2011 NBA Draft Projections: Second-Round Value
by Trevor Whenham - 6/15/2011
Every year there is a couple of guys that come out of the second round of the NBA Draft that become solid contributors to their teams. Superstars may be rare in the second round, but key role players can be found if teams get lucky. Here’s a look at my 2011 NBA Draft projections for seven guys that are likely to go in the second round this year who could easily be valuable players for their new teams. A few of the players -- Tyler, Smith and Jackson - could potentially find themselves at the end of the first round, but they could still be strong value even there.
25% up to $1,000
NFL Betting Bonus
Darius Morris, G, Michigan - As a huge Michigan fan I know two things - Morris is ridiculously talented, and he made a gigantic mistake coming out this year. He is too raw and has been lost in the crowd in the draft process as a result. If he can land in a position where he can be given time to grow and develop without immediate expectations, though, he can be a major factor. He’s just one of those guys who can take a team on his shoulders and lead them where they need to go.
Jeremy Tyler, C, Japan - Tyler is the guy who unfortunately made himself a cautionary tale -- he tried to shortcut the system by leaving high school early to play pro in Europe before hitting the NBA, but it has been a rough road for him. Still, he’s a big-bodied center with a whole lot of upside, and he has been growing into himself recently. He’s had a very good pre-draft period, and there is increasing sentiment that he could be moving well up into the first round. No matter where he goes he could be a big contributor for a team who has the patience to let him develop.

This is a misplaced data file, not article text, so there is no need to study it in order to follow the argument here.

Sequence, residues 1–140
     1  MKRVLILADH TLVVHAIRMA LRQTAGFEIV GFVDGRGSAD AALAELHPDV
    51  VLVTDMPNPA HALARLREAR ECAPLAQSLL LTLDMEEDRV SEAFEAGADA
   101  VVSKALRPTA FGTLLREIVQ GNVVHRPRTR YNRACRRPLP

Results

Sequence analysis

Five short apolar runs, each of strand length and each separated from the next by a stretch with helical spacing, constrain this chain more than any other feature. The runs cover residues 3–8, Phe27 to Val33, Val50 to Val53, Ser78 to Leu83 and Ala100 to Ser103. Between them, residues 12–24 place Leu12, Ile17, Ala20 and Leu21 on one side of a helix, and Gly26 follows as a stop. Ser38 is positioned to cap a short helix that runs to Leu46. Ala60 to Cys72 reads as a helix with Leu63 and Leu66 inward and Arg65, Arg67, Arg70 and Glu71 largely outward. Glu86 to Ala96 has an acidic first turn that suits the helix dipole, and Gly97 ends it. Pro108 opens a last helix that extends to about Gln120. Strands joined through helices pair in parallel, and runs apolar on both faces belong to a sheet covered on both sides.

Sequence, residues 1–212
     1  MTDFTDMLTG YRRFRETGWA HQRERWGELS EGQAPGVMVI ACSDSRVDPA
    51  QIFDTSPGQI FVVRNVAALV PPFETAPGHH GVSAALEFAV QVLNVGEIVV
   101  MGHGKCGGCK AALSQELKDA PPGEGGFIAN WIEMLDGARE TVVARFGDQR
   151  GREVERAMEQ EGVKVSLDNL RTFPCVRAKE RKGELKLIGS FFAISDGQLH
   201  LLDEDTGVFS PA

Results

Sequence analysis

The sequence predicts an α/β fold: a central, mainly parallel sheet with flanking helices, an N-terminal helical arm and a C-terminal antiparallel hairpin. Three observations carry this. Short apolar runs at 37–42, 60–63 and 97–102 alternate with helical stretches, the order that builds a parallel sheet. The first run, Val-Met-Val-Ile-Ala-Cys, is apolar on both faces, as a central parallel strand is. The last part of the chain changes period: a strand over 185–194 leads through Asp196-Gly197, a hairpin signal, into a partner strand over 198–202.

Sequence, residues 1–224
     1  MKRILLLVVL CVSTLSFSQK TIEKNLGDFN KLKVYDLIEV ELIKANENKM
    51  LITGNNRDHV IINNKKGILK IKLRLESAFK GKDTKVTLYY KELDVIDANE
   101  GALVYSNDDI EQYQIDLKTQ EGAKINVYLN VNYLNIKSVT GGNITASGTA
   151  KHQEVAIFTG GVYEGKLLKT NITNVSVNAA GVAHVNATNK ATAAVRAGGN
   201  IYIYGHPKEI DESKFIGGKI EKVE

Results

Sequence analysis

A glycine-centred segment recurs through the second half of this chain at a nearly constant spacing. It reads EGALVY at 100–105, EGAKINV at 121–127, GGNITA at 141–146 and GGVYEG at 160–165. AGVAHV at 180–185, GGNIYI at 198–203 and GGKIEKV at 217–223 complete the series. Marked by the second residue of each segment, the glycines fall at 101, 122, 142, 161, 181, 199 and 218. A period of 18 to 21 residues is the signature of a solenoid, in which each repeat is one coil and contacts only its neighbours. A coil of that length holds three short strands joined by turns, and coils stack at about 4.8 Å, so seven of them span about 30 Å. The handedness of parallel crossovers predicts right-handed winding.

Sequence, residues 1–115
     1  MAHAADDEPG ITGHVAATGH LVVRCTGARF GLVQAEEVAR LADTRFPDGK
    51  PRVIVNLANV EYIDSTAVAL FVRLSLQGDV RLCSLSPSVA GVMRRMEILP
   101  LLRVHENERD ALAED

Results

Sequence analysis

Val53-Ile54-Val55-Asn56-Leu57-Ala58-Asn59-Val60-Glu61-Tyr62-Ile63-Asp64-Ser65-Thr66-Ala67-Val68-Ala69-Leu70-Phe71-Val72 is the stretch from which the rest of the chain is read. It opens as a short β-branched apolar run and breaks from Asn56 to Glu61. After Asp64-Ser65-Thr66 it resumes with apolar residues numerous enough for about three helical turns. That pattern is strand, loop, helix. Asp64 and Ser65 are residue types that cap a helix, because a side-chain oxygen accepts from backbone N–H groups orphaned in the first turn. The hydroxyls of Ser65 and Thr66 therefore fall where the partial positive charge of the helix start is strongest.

E’twaun Moore, G, Purdue - Moore finds himself in the second round (hopefully) because he is a senior who isn’t particularly athletic. He’s the kind of guy I like, though -- he’s just a winner. His tools aren’t as good as many, but he finds a way to get it done, he wins a lot of games, and he plays relentless defense. I don’t necessarily ever see him as a starter, but I do think he can be one of those bench players that fans of a team would die for.
LaceDarius Dunn, G, Baylor - Dunn needs to develop some patience with his shot selection -- the guy has never met a shot he won’t take -- and he needs to prove he can be a team player. I like that he is used to being the man and having the weight of a program on his shoulders, though, and you can’t help but be impressed by his scoring touch. He’s NBA-ready right now, and if a coach can figure out the chemistry and a role for him then he could be fun to watch.
David Lighty, G, Ohio State - The NBA just doesn’t like seniors, and this is another example of a guy who isn’t getting a lot of respect despite a whole lot of college accomplishments. I hate everything about Ohio State, but I like Lighty -- that’s a big compliment. He is a star-caliber player that is very happy to play whatever role is needed. He can shoot, he is an extremely smart player, he doesn’t make mistakes, and he is a strong leader. He looks to me like an NBA role player who will make himself valuable because he can do so many things well.
Nolan Smith, G, Duke - I am always a little nervous about the pro prospects of Duke stars, but I feel better about Smith than most. He’s a leader that makes things happen. I don’t think he’s outstanding in any one particular area, but when you put it all together he has the skills and the basketball IQ to play a nice role -- at least as a nice backup on the point. The biggest thing a team that takes him has to do is find a way to make him stronger and harder to push around.
Reggie Jackson, G, Boston College - Jackson could be the biggest steal of all here. He has been hampered by a knee injury that has limited him in the pre-draft process and has hurt his stock as a result. The guy has some freakishness about him, though -- in a good way. He’s freakishly athletic, and despite only being 6-foot-3 his seven-foot wingspan is extraordinary. Quick, athletic guards are popular in the NBA right now, and Jackson has a chance to be a good one. He could be a contributor right away, and I see him as a starter in the right spot after some seasoning. Like Tyler there is some buzz building, and there is an increasing chance that a team will take a shot at him later on in the first round. I would.